Under the 90-day rule, there’s a presumption of misrepresentation (fraud) if a person violates their nonimmigrant status or engages in conduct inconsistent with that status within 90 days of entry. This rule only applies to nonimmigrants with visas or statuses that do no carry an allowance for immigrant intent. If a nonimmigrant attempts certain activities during this 90-day period, the applicant should expect increased scrutiny.
In fact, any foreign national visitor on a visa that doesn’t allow for immigrant intent should be aware of the rule because it may affect how immigration officials perceive attempts to change status or adjust status to permanent resident. The 90-day rule applies a presumption that a nonimmigrant visa holder made a misrepresentation at the time of admission or application for a nonimmigrant visa when that nonimmigrant enters the United States and within 90 days engages in conduct inconsistent with his or her nonimmigrant status.
However, this rule has changed over time. And although U.S. Citizenship and Immigration Services (USCIS) no longer uses a 90-day rule, it still provides a reasonable guideline for applicants whose intent has changed after entering the United States. What follows is a fairly technical article, but it provides a complete overview that many green card applicants filing Form I-485, Application to Adjust of Status, should be aware of.
Before describing the 90-day rule, it’s important to understand the term “misrepresentation” in immigration law. Misrepresentation is a false or misleading statement or a material omission which renders other statements misleading, with intent to deceive.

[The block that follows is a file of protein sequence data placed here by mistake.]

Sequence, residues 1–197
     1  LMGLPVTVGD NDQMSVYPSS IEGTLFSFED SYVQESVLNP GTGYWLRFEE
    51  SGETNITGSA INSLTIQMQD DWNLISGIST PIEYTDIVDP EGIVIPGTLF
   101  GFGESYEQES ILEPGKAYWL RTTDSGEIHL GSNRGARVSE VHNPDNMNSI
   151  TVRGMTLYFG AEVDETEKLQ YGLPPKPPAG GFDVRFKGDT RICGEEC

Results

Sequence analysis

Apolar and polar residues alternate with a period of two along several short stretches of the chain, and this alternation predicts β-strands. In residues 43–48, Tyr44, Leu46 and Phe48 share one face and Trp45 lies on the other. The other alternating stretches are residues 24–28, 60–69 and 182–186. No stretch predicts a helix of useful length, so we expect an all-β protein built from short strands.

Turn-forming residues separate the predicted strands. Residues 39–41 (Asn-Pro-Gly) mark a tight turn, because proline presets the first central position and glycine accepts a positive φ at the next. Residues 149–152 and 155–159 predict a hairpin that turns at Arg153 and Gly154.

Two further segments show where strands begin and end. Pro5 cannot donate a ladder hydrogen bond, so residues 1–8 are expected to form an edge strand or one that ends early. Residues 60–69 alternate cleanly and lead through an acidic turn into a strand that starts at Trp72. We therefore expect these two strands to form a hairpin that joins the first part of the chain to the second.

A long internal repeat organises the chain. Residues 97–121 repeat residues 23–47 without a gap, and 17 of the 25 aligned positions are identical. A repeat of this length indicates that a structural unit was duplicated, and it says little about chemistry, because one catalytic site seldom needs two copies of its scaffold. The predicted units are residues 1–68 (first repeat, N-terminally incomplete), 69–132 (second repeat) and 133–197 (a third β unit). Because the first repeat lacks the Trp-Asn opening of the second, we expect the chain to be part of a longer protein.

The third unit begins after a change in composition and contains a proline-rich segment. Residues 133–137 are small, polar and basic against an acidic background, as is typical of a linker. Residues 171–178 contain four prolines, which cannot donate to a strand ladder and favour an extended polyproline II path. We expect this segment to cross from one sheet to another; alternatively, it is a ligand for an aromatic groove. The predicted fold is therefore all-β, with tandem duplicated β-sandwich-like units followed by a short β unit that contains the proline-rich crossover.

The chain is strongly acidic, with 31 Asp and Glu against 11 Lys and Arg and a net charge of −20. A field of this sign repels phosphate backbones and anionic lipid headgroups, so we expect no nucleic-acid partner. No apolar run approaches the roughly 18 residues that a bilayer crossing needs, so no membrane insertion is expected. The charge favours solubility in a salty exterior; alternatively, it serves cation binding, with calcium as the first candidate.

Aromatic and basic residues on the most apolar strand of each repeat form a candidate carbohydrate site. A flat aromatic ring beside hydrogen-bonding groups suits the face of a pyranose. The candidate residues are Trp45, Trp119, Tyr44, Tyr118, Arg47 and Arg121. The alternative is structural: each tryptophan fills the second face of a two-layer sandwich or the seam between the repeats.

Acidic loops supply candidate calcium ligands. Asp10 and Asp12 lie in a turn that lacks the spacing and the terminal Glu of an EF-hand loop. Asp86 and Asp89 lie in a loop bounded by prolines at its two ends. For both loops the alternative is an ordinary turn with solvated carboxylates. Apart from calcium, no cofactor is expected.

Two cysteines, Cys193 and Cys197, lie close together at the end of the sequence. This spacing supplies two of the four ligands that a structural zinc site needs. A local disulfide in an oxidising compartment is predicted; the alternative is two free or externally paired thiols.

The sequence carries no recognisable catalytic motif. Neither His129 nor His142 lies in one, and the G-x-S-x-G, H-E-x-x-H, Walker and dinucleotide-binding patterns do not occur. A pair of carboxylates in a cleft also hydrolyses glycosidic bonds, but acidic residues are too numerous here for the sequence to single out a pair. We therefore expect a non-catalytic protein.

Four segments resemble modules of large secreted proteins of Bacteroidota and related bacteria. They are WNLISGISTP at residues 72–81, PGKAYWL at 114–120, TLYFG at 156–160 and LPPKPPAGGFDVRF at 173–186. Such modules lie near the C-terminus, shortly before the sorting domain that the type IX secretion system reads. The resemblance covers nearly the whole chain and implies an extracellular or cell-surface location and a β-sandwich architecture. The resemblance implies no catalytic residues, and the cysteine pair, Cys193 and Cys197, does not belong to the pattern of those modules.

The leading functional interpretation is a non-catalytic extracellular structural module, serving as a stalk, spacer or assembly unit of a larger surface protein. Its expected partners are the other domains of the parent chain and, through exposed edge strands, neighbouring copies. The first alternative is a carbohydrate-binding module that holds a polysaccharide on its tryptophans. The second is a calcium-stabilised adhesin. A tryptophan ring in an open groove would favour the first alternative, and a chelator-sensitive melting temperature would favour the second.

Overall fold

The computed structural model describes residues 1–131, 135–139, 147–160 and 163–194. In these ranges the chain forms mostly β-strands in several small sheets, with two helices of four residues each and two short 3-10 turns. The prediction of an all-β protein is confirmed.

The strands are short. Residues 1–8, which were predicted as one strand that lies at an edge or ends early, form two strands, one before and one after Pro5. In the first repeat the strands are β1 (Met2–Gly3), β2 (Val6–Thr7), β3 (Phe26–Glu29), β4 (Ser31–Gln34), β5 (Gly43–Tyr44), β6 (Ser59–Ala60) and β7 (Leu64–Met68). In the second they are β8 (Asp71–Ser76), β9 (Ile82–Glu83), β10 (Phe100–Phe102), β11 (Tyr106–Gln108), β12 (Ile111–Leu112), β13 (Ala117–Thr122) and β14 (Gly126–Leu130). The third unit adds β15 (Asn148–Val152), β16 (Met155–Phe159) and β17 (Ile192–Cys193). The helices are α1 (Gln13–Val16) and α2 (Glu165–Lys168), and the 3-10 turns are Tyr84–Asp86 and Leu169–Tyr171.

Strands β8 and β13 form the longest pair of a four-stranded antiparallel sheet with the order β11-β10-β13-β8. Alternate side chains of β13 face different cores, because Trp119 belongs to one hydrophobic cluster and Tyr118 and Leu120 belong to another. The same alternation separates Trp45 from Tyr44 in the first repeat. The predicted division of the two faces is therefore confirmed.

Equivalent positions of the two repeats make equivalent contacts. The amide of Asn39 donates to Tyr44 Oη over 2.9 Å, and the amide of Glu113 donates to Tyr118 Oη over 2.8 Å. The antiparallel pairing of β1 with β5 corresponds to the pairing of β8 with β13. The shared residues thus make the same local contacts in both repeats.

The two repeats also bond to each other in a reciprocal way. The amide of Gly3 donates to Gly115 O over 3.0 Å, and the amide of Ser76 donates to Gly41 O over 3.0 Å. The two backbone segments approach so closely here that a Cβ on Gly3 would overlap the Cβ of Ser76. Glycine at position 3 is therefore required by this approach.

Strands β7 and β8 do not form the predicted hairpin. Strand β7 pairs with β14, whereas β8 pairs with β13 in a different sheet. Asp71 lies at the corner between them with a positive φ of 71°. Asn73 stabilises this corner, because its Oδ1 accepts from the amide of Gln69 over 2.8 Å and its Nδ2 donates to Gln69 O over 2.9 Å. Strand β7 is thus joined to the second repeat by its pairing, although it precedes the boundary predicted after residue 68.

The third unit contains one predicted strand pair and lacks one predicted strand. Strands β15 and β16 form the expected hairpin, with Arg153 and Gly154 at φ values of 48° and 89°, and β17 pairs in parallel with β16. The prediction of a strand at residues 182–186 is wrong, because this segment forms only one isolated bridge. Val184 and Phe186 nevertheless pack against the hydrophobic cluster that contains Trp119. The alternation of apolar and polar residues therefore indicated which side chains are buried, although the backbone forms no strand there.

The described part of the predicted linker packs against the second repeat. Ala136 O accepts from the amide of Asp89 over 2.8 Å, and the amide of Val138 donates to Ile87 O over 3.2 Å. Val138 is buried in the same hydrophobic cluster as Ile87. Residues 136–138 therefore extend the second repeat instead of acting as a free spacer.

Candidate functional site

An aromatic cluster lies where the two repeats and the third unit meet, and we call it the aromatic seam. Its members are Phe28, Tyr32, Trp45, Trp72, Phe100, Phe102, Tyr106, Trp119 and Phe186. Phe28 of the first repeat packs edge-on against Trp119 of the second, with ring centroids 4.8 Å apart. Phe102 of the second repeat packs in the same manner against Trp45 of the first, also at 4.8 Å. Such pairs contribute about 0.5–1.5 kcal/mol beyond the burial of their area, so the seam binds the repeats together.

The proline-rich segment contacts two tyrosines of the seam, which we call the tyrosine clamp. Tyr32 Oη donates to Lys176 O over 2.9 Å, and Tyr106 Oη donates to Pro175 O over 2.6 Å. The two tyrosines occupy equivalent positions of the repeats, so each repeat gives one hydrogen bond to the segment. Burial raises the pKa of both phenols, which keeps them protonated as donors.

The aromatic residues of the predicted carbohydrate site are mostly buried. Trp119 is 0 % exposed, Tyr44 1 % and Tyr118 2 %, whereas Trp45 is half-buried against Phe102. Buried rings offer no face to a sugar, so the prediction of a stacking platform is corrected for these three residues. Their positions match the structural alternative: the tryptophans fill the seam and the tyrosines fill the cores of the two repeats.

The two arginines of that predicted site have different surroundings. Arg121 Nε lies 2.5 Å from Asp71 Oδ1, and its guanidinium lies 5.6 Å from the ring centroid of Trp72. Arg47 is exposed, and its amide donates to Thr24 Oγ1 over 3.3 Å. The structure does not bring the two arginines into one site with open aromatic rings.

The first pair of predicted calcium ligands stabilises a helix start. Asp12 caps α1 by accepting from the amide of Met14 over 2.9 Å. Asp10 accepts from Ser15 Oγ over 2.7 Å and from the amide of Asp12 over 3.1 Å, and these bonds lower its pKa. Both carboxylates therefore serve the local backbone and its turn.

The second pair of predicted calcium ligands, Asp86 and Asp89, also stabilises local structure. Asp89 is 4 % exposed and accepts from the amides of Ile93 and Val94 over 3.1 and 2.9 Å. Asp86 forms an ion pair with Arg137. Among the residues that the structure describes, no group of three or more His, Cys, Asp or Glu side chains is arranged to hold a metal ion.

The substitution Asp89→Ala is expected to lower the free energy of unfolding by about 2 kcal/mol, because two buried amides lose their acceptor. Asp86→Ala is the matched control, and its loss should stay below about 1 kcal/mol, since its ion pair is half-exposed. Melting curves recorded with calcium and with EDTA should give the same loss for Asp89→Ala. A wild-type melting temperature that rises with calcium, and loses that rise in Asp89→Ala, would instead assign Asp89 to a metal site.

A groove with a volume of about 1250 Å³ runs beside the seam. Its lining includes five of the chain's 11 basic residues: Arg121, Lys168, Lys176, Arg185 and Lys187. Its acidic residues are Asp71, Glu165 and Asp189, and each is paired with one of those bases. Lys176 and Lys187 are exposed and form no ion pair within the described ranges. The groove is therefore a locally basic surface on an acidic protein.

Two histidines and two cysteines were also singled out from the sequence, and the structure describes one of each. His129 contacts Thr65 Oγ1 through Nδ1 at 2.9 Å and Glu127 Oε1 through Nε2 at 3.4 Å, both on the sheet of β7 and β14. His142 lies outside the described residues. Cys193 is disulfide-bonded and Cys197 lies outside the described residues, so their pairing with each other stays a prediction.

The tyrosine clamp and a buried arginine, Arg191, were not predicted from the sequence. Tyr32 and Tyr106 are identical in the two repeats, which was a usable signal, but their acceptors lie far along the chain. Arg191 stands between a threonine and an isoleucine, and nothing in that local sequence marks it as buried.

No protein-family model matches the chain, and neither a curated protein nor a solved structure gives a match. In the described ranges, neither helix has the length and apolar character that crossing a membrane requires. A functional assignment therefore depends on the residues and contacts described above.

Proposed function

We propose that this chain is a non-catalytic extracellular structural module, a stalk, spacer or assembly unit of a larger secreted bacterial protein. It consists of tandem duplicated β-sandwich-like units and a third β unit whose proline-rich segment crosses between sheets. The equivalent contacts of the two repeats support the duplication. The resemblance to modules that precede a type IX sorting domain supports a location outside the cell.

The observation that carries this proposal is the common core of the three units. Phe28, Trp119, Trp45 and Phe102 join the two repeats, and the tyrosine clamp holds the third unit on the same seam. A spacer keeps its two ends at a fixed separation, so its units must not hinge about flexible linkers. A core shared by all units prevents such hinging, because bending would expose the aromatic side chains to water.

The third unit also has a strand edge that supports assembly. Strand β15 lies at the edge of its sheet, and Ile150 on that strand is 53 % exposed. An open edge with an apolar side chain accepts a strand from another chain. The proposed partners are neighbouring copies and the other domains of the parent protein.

A foreign national who commits fraud or makes a material misrepresentation in order to get an immigration benefit is inadmissible and subject to permanent removal from the United States.
Clearly, lying to get immigration benefits such as a green card is a serious form of misrepresentation. But leaving out important information can also create a problem. An accusation of misrepresentation, can destroy a green card application.
When applying for most nonimmigrant (temporary) U.S. visas, the applicant must prove that he or she plans to return home when they complete the stated purpose of the trip. For example, temporary visa categories (such as B, F, J, M, Q, TN and visa waiver program visitors) have short-term activities assigned to them. Examples of short-term activities are tourism, business, education, and some employment. Nonimmigrant intent means that the visa holder does not plan (and is not authorized) to stay permanently in the United States. In fact, there is a presumption of immigrant intent in U.S. immigration law. Therefore, the burden of proof falls on nonimmigrant visa applicants to prove they have sufficient ties to their home country that will compel them to leave the U.S. after the temporary stay.
That’s why an immigration official probably asked you certain questions in your visa interview (if you had one). The consular officer may have asked about your financial ties (e.g. property ownership, investments, bank accounts) and employment ties (e.g. employer letter) to your home country. In fact, to prove your nonimmigrant intent, you had to establish that you:
- have a residence abroad;
- have no immediate intention of abandoning that residence; and
- intend to depart the U.S. upon the termination of the visa.
The consular officer wanted to make sure you had nonimmigrant intent before granting the nonimmigrant visa. Even if you entered the U.S. through the visa waiver program (without an interview), the same rules apply.
Common Example of Misrepresentation
In practice, there are often nonimmigrant visitors who enter the United States with intentions other than the stated purpose of their visas. In fact, it’s common for people to mistakenly assume they can enter the U.S. on a B-2 visa with the plan to marry a spouse in the U.S. once here. Many people do this successfully without a problem, but this act does violate the terms of the nonimmigrant visa.